Saturday, 14 February 2015
As it's Valentines day I though I would try to get in the spirit by reading something a little fruity.
It's always been my mission to read as many kinds of books as possible so it was time for me to read another erotica book. I'm not going to beat about the bush with this one. Just a short, flash of a review.
So how was it for me?
It's another example of those marketing ploys that pisses some people off, where an author writes a book and divides it into 3 or 4 books and you are hoodwinked into buying 3 or 4 books instead of one. As usual the first one is free and then the publishers are hoping to get the reader hooked so that they will purchase the others.
I won't. This was fun, sexy and and probably written by a guy. Lucia Jordan, really?
Monday, 9 February 2015
'Nobody knows where they came from.
Nobody knows what they want.
The creatures are killing humans for meat and nobody, it seems can stop them.'
It's Earth but not as we know it. Everything has stopped. Everything that we once took for granted has disappeared. Apart from the monsters. The monsters have arrived.
In many ways this is right up my street. Set in a dystopian world, it is creepy and dark and has periods of excitement. However the book as a whole suffers a little bit from what I call the Tom Gordon effect. Most of the book is centred around the main character's journey through a dark tunnel, which is great for a single chapter but for an entire novel it did tend to drag on a little bit.
It's Ok though and the writing isn't bad.
Sunday, 8 February 2015
I had some catching up to do if I wanted to get on track with reading at least 52 books this year and so here are a couple of quick read reviews.
This is my second book by Carmel Carberry and it doesn't disappoint.
Once again it's such an inspiring and helpful book, with a mixture of real life stories, bible verses and much more. Communion With God , Soaring on Eagles Wings is a bright light on a dull day. It's a book that kept my interest all the way and I found it encouraging and educational at the same time.
Sometimes Christian books can be heavy and repetitive but this was neither. It was light and enjoyable. Grab it if you get the chance.
This was diabolical. The less that can be said about it the better.
I am surprised because Lynda La Plante is very much a household name and a highly respected screenplay writer and Author. I haven't read any of her work before but I have briefly come across her television adaptations. But this was shocking!
Although Lynda states at the beginning of the book that 'The Escape' is based on two actual prisoner accounts (and I have no reason to doubt what she says), this whole book is completely unrealistic and unbelievable from the very first page. Not only is every single plot twist unrealistic but this small book is littered with incredibly obvious coincidences masquerading as plot devices.
A prison guard is about to look at a photograph that would blow the whole escape plan but suddenly a fight breaks out so he doesn't look at it.
The prisoner escapes because his hand cuffs are removed in the magistrates court waiting area and his guard goes off into a separate room, leaving him alone next to the front door.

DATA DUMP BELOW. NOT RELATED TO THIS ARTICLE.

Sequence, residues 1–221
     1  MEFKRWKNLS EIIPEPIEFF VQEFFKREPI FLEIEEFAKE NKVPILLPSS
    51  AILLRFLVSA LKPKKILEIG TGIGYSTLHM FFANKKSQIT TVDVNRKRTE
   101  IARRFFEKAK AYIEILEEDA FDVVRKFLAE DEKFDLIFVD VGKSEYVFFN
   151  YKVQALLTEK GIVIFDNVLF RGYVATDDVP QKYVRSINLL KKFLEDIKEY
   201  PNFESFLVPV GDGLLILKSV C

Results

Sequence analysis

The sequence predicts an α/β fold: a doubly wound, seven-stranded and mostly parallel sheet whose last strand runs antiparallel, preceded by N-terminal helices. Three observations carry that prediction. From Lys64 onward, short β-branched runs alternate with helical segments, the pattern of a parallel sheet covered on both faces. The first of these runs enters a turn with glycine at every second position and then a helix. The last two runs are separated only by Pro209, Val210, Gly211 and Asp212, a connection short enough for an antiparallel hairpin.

The prisoner runs out of the court and needs to find a mode of transport and just at that exact time an old man is propping a bicycle up against a shop window.
Too many coincidences. Poor, lazy writing. The biggest plot hole is the main plot itself. A plot hole bigger than the Eiffel Tower. Avoid.
Wednesday, 4 February 2015
A strange man takes a photo of Jimmy's family. As the camera flashes, Jimmy's parents vanish.
The only clue is a picture of his mum and dad screaming.
You know what, sometimes teenage books are fun to read.
This may never win a major literary prize and you're not going to see it being discussed on The Book Show on the BBC, but it is great! It's original, twisty, scary and imaginative. Everything I like in a book. So sometimes it's good to ditch the 400 page adult piece of literary fiction. This, for me, is what books should be about. Somebody telling a fabulous story.
What makes it even cooler is that it was published by Barrington Stoke for The Book Factor. A Liverpool project where a schoolboy called James Pybis came up with the story idea and another boy called Dylan Gibson helped to design the book cover. What a cool idea!
Monday, 2 February 2015
Anyone that knows me will tell you that I have a love/hate relationship with poetry. I like poetry as long as it doesn't try to talk to me as if I'm a two year old or expects me to be impressed because it knows all the names of the Greek Gods (or the colour of Jane Austen's knickers) and I don't.
Anyway it's about time I reviewed a poetry book and I was lucky enough to have discovered this wonderful little collection via the Twitterverse, edited by Russell Bennetts and published by Pendant Publishing. I was minding my business when it popped onto my screen this afternoon.
It's a rather witty and imaginative collection using business magnate Jeff Bezos as inspiration. To be honest he's not somebody who I know an awful lot about. Maybe it's because I'm British or because in many ways the i pod generation has slipped me by, and I can't afford all that stuff anyway. But it's a great read that takes you on a satirical journey that borders on insanity in parts. In parts it's hilarious. But before I say anymore, just read it.
Maybe not all poetry is annoying after all.